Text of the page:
Credit growth

The market for credit is likely to grow fast, in part because predictions for Costa Rica’s economy are rosy. Gross domestic product (GDP) growth came in at 8.2% in 2006, is estimated to have been 6% in 2007 and is expected to be 5% this year. Tourism and manufacturing have been particularly robust.

There are good reasons for continued optimism. The tight ‘yes’ vote in the October 7 referendum on a free-trade agreement with the US, the Dominican Republic-Central America Free Trade Agreement, promises to attract more foreign direct investment. That should bring in more businesses of the likes of giant Intel, which invested $300m in 1996. And, since Costa Rica established relations with China in 2005, Chinese companies have been using Costa Rica as an export base to circumvent US restrictions.

Rapid growth, together with earlier distortions in the economy, particularly the foreign exchange regime, had been stoking inflation, and the central bank seemed to be losing control when it hit 13.8% in 2005. That triggered the alarm and led the central bank to shift from a crawling peg to a crawling band regime. It is likely that the currency will be allowed to float against the dollar in the longer term. The strategy worked and inflation went down to 11.5% in 2006 with an estimate of 9.1% for 2007 and 6.9% for this year, according to the International Monetary Fund.

Currency risk

There is one major difficulty: a large proportion of bank loans, especially to colon-earning consumers, is in US dollars. Transition to a floating regime would expose them to greater currency risks and authorities are frantically looking to mitigate that. One solution that is being worked on is the development of derivatives, including in the foreign exchange market, to reduce banks’ exposure to currency fluctuations, according to Mr Dent. Initially, the contracts will go out no further than three or six months to test the water. If that is successful, the time span will be extended.

“We need to be very careful. We are looking at how to organise and regulate the market and make it an even playing field,” says Mr Dent.

Exactly when the currency might float is not clear, largely thanks to the accelerating slide of the dollar in international markets. The colon has moved relentlessly up against the greenback and continually bumps against its ceiling. In response, the central bank allowed the currency to appreciate by more than 3% overnight last November, but the currency has stubbornly continued to trade at the ceiling. Its strength is starting to hurt the most dynamic sectors of the economy, particularly tourism and exporters.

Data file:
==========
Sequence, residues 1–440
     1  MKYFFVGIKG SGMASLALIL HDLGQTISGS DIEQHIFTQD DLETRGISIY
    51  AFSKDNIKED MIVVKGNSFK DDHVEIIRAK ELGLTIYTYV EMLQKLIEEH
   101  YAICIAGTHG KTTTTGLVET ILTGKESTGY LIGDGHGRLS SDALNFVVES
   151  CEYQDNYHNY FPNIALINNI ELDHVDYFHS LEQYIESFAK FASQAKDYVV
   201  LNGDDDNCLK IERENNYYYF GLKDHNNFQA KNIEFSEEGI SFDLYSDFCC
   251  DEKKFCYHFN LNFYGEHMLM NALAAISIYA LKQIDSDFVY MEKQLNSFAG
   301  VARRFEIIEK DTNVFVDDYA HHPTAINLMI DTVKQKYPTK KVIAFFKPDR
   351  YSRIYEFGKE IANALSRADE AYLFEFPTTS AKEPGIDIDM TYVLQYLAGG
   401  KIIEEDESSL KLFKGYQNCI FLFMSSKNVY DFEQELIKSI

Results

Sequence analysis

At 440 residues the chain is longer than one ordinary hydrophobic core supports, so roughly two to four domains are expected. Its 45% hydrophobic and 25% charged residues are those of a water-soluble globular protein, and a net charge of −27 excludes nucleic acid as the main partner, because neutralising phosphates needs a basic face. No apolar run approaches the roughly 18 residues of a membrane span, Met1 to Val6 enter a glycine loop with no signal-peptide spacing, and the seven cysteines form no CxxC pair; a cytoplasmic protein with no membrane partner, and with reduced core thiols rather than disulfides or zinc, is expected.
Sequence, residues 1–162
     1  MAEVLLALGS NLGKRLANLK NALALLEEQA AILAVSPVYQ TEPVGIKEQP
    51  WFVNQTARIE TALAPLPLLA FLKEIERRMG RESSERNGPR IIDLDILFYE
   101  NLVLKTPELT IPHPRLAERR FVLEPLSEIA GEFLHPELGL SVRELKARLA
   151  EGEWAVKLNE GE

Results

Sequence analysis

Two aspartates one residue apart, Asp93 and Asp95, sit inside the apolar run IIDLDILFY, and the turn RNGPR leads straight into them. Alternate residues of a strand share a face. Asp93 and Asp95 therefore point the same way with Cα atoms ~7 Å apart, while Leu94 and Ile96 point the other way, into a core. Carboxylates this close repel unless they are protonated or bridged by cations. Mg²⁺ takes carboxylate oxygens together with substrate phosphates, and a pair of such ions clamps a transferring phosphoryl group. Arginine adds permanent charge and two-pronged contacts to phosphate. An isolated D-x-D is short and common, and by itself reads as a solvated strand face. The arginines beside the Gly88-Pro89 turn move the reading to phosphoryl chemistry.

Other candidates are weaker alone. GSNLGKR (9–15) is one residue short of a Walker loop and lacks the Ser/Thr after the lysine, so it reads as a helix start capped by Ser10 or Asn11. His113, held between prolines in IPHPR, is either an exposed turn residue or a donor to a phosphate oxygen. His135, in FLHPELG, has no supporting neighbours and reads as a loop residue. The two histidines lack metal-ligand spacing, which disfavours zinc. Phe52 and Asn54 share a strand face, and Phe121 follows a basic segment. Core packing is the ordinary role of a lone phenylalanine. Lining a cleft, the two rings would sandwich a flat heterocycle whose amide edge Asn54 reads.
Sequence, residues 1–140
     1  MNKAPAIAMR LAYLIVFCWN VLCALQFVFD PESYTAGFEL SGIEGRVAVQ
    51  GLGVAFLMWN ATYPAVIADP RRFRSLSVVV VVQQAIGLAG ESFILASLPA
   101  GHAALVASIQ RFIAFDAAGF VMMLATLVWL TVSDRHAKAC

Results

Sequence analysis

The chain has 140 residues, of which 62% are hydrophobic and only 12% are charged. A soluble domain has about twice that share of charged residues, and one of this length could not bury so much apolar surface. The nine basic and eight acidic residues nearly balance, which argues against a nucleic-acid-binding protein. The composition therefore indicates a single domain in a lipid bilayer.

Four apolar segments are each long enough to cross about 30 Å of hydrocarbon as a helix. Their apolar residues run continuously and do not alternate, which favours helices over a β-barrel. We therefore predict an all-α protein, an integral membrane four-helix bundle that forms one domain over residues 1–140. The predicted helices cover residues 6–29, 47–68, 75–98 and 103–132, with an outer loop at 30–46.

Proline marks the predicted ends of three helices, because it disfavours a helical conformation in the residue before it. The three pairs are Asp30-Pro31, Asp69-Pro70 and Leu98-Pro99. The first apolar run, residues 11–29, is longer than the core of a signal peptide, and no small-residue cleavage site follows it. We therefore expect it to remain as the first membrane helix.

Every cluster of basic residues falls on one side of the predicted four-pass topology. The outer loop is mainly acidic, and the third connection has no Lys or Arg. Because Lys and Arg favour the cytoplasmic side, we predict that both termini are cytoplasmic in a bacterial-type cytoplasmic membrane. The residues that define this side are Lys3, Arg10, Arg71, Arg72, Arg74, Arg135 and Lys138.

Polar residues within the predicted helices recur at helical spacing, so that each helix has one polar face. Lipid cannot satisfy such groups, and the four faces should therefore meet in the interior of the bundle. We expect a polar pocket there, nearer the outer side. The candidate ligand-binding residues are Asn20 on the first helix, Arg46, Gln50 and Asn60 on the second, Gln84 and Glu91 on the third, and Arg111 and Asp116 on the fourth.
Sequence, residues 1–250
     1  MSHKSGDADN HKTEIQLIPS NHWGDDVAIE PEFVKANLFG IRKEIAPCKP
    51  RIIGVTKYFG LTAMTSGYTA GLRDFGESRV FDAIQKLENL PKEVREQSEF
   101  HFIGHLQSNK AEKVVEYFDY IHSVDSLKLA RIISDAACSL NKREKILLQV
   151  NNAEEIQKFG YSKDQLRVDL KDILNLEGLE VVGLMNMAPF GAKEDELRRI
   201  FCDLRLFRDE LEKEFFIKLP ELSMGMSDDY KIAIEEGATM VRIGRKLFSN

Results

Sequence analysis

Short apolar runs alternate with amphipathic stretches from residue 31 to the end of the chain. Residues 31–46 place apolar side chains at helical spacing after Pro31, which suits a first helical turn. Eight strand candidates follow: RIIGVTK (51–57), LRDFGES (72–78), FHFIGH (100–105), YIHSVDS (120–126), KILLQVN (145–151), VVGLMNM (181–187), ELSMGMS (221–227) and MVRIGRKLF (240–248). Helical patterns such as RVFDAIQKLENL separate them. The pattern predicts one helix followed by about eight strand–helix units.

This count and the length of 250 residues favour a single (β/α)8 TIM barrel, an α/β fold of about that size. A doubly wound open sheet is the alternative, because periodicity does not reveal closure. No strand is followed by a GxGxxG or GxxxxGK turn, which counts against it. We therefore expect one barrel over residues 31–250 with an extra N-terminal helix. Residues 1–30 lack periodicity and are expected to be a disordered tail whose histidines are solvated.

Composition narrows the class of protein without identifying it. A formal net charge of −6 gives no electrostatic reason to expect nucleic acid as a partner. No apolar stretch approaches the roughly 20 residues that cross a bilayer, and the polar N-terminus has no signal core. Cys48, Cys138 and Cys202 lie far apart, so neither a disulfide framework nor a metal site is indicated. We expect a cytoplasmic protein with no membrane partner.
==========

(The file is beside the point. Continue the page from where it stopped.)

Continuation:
If appreciation is allowed to accelerate – and many see a level of 450 to 470 (compared to current levels of 500) against the dollar as at least a good possibility by the end of this year – it would start to squeeze margins hard. It would have an adverse effect on the export segment, says Mr Rodríguez. And if the dollar’s slide turns to a rout, unwinding of the crawling rate regime will be more difficult to navigate.


General Electric Co bought a 49.9% share in BAC San José for $500m in June 2005. The bank has branches in Panama, Guatemala, Honduras, El Salvador, Costa Rica and Nicaragua. Its credit card unit, Credomatic, is the biggest card issuer in the region.

Toronto-based Scotiabank bought Banco Interfin in 2006 for $294m. It is the country’s largest
private bank.

HSBC bought Panama’s Banistmo for $1.8bn, making it the largest retail financial institution in the region. Banistmo has operations in Costa Rica, El Salvador, Honduras, Nicaragua and Panama.

Citigroup acquired El Salvador’s Grupo Cuscatlán and its operations in Guatemala, Costa Rica, Honduras and Panama for $1.5bn in late 2006. Citi also bought Grupo Financeiro Uno, which has a presence in Guatemala, El Salvador, Honduras, Nicaragua, Costa Rica and Panama.